July 31st, 2020
Configuration as Code, in the context of CI/CD, is a pattern that allows you to store the entire configuration of your CI/CD pipeline in source control.
As a result, your CI/CD pipeline is bundle up and versioned with your code.
If you're using a system like Travis CI, you're probably familiar with this concept. I personally prefer Azure DevOps Services and while having the our CI/CD pipelines in source control as YAML has been an option (one we immediately took advantage of) for a few years now, for a while there was no CaC option available. This has all improved immensely over the past year or so, especially with the public release of multi-stage pipelines.
Your pipeline is versioned just like and along with your code. The benefits of this should be obvious from your existing experience working with source control (if you're not using source control, stop what you're doing and go do that).
This goes along closely with versioning. As your site evolves and grows, so does your pipeline. By keeping your pipeline configuration alongside your code, you're site can be build/deployed from any point-in-time or any commit.
My team has also found having our CI/CD pipeline in source control to be extremely beneficial partially because it opens up the possibility of code reviews for pipeline modifications.
Every pipeline change gets a feature/bugfix branch. We then create a pull request for that branch (we're using CODEOWNERS to auto-assign the PRs). Someone else can then review the changes and approve the PR.
This may seem like an extra, time-consuming step...and it is. However, we've found that the time we spend doing these type of reviews ultimately results in less bugs and technical debt down the road. We see it this way: you can spend time now and get things right, or spend unplanned time later fixing potentially critical issues.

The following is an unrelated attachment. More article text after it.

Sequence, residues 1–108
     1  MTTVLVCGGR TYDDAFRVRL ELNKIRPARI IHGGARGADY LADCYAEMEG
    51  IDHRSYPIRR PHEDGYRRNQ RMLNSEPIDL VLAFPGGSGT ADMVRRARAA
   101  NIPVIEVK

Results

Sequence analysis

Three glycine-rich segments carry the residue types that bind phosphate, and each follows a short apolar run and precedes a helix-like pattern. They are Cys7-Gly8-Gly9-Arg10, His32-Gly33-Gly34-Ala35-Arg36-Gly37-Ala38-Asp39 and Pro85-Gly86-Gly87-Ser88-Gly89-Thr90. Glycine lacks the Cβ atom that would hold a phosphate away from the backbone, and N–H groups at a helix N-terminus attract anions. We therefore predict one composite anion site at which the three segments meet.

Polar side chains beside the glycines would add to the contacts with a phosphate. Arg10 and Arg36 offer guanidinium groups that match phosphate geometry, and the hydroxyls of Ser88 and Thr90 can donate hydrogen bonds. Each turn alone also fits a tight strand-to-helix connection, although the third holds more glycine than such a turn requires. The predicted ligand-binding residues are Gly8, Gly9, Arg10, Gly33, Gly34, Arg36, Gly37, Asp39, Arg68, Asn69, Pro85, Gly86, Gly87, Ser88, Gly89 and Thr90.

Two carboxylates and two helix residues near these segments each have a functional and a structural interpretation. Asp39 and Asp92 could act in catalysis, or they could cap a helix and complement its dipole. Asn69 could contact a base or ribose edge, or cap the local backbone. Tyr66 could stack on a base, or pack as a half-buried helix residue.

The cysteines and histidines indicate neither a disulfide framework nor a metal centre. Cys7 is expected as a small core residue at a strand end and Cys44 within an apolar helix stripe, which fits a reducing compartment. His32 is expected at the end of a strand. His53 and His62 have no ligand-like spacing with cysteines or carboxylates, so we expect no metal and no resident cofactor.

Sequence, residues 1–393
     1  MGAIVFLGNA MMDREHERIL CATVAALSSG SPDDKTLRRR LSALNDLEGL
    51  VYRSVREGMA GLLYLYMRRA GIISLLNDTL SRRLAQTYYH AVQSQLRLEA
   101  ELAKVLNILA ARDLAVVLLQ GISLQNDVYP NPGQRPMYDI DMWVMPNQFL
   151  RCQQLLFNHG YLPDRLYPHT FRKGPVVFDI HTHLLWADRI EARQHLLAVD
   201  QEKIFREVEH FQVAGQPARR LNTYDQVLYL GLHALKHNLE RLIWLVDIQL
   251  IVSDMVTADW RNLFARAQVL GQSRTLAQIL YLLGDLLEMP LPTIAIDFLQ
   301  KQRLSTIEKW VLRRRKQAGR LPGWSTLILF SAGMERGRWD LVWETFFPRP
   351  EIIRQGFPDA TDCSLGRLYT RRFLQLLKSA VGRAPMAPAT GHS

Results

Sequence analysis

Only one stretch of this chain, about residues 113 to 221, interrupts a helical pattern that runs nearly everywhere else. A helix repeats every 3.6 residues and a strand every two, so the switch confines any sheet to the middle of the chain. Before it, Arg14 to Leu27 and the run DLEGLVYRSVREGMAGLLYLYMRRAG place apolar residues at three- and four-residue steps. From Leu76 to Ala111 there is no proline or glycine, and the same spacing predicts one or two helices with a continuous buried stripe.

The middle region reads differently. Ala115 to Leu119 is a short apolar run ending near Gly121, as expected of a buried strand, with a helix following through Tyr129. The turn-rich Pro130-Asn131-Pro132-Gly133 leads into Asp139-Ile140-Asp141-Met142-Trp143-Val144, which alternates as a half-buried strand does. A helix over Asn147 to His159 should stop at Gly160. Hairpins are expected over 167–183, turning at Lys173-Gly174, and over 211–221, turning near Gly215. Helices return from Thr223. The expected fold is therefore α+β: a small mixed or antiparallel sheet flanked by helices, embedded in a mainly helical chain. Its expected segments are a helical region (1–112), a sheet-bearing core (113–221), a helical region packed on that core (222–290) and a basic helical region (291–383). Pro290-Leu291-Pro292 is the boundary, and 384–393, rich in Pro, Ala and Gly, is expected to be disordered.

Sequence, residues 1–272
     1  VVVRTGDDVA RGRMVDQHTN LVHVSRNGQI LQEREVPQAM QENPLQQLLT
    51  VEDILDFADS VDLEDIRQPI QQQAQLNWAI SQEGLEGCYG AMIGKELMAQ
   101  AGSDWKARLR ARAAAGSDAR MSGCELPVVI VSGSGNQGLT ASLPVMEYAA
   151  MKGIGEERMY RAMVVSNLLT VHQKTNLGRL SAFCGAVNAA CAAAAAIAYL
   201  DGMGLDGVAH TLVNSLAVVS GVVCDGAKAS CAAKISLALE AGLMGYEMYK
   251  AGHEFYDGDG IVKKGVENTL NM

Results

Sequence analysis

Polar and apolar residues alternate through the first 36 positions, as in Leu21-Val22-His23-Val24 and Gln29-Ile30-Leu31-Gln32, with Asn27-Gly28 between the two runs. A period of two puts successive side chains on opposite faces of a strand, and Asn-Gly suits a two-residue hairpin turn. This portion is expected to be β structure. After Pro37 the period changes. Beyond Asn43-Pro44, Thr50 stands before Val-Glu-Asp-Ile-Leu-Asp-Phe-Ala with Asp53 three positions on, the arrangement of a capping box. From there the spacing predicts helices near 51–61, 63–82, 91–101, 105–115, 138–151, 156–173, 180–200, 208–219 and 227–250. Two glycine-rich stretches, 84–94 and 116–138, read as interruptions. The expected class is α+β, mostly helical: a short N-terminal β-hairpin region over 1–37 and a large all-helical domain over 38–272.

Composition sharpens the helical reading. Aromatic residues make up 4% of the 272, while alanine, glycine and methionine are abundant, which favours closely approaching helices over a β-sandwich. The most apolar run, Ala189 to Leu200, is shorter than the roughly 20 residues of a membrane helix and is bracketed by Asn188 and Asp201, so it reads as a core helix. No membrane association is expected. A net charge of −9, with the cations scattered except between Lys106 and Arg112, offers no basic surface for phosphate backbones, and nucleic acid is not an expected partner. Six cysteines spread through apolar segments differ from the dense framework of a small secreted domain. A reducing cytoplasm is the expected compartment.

We strive for a "live site culture", so cutting back risk to the production environment is always worth the time for us.
Since the pipeline is in source control, you can always see who changed what and when. If you're doing pull requests and code reviews (please do) you'll probably also then have additional context for why changes were made and a clear audit trail of who instigated a change and also who approved the change.
Since your pipeline is a file (or collection of files), you can reuse them across projects.
Or better yet, if your CI/CD service provides the feature, you can make use of templates. Azure DevOps Services, for example, allows you to create templates for any part of your pipeline.
These templates can even live in a separate VCS repository and be referenced by your pipeline.
Check out my sc-pipeline-example repository for a basic example of a multi-stage CI/CD pipeline that builds a Sitecore site and deploys to an Azure App Service.
NOTE: This is an extremely naive example. It's meant more to demonstrate the basics and show how to use templates and parameters.